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On this episode of Serious Insights for Sales Admins, Kristi Campbell brings on long-time friend and fellow admin, Aleks Radovanovic.
Hold the phone, stop the presses, and pause the music because we are back!
On this episode of Serious Insights, Aleks Radovanovic joins host, Kristi Campbell, to discuss her experiences as a Salesforce Admin and share some nuggets of wisdom.
A veteran of the community, Aleks dabbled in the position’s three primary incarnations, serving as an admin in a solo, a team-based, and a consultant role. Now thriving in her position as a Technology Analyst for Okta, our guest looks back on her experiences with adoration.
A nearly two-decades veteran herself, Kristi also has experience in numerous admin roles, which she shares throughout the episode.
Together, the two take a stroll down memory lane to discuss the differences in solo, team-based, and consultant roles, as well as how to pick the position best for you!
Let’s make like the Beatles and rock n’ roll!
Counter to some of our guests of the past, Aleks’s Salesforce journey started intentionally – she is quite literally the opposite of an “accidental” administrator.
Early in her professional career, our guest used Salesforce as a way to track her applications for job openings – where she sent them, who responded, when interviews were, etc. The platform was a match made in heaven, even when it was just for personal use. A self-starter, Aleks even went out of her way to learn customizations to make the platform work for her.
In a chance meeting at a baby shower, Aleks overheard a small business owner gripe about the difficulties of tracking sales in Excel. While traditionalists will say mentioning CRMs at a baby shower is inappropriate, our guest threw caution to the wind and shared her newly discovered platform; after using Salesforce herself, she knew the solution was what the owner needed.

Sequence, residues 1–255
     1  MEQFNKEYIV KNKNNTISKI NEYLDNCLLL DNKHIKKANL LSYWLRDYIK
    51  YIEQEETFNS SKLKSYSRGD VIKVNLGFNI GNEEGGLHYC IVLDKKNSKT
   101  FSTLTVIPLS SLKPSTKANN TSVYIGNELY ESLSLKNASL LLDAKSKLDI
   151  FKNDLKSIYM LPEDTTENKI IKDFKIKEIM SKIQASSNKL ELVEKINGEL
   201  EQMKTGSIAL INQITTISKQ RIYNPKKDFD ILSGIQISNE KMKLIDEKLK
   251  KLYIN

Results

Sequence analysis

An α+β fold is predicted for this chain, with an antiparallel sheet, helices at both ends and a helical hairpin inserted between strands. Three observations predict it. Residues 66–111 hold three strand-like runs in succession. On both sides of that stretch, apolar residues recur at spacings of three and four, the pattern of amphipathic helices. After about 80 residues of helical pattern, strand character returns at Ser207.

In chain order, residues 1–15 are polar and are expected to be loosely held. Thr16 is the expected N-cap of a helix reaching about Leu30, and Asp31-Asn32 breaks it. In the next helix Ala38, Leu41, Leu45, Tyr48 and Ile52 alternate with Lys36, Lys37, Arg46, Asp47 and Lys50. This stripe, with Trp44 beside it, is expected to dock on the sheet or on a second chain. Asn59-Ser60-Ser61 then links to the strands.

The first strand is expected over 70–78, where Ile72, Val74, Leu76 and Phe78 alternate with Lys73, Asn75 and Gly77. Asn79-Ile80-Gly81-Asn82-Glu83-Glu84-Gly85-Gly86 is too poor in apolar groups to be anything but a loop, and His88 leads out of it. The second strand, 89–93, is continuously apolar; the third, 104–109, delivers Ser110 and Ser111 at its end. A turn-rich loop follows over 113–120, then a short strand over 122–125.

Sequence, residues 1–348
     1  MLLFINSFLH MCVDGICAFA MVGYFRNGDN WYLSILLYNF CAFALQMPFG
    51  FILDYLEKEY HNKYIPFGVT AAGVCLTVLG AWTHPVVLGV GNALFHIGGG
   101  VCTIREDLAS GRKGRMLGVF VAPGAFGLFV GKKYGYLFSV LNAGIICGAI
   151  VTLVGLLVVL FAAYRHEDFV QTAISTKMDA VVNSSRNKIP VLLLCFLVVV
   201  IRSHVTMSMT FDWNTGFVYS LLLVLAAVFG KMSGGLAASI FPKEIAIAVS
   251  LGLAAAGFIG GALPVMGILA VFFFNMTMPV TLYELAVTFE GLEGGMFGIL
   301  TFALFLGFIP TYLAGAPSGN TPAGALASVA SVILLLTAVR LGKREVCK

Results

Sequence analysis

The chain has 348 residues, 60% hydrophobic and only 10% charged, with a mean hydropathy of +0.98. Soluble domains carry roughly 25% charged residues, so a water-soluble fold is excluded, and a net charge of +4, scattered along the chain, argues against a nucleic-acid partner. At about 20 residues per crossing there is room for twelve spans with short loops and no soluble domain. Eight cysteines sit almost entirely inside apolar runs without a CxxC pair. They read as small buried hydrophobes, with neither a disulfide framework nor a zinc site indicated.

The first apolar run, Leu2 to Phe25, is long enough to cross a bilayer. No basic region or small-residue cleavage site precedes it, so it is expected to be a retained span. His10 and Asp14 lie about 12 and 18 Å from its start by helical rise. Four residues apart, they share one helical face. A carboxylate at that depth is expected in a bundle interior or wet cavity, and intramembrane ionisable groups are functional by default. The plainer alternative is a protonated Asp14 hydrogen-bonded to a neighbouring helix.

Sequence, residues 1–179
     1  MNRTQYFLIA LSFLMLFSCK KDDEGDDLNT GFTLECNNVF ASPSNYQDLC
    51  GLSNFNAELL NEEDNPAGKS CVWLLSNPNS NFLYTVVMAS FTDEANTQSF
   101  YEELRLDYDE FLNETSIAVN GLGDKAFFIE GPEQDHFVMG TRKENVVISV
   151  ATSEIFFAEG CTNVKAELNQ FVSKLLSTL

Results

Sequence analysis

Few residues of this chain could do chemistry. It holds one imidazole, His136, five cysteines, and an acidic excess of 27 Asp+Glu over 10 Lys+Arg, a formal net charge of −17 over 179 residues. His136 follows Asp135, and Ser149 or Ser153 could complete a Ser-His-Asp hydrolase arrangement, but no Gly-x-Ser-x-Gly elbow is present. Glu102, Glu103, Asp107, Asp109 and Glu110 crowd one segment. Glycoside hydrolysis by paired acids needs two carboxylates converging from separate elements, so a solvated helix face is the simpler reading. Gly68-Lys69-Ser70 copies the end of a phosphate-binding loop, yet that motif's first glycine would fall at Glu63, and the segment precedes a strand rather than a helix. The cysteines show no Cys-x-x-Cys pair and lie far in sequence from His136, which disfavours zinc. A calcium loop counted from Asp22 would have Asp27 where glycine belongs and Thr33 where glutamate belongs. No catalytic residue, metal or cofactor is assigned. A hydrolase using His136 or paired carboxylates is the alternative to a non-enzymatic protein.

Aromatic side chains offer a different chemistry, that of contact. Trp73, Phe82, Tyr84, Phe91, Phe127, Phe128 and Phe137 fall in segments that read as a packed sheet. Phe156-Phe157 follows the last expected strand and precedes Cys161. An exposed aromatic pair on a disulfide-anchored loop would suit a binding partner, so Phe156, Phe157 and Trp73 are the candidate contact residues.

That owner offered Aleks a job on the spot.
Tasked with implementing Salesforce for his small business, Aleks lept from a casual CRM user to a solo admin role in the blink of an eye. Like many solo administrators before her, our guest found herself immediately in the middle of the fire – forced to balance her responsibilities with still learning how to do the role itself.
In line with her persevering nature, Aleks did what all great admins do: ask for help, learn, and execute. Combining her personal knowledge, industry tutorials, and the guidance of an outside vendor, the young admin rose to the occasion – shortly after implementing Salesforce the small business increased revenue by 300%. The enormous growth caught the eye of a large banking company, which chose to buy out the business.
Ultimately, her early success would cost her her position; like many buyouts, the banking company chose to retain their in-house staff and cut redundant roles. The experience she gained, however, was significantly more valuable than whatever role she missed out on.
Kristi had a similar path, also starting in an admin role with a small organization. Unlike Aleks, her employer had already implemented Salesforce, but did not have an active admin. Noticing the need, Kristi eventually (and accidentally) filled that role – seemingly becoming a solo admin overnight.
Now years removed from their first admins roles, Aleks and Kristi have had ample time to reflect on their experiences. Even with their different paths, the two agree on the same notion: the inherent nature of solo work is both valuable and problematic.
On one hand, the position of solo admin gave both our guest and host the opportunity to learn by doing – the only way you survive jumping into the fire is by moving, afterall. By being the individual admin for the organization, both parts of our duo were forced to expand their knowledge quickly, while simultaneously preparing for inevitable changes and adaptations.
Because of their individual drive and desire to be successful, both Aleks and Kristi were able to leverage their individual admin status into endless learning opportunities. Even years removed from their first roles, the knowledge and experience gained remains the foundations for their current success.
Counter, solo roles are inherently lonely. While they grew significantly because of their inherent independence, both agree that solo roles also inhibited their ability to learn. Without other contemporaries, their Salesforce knowledge was limited strictly to their own efforts.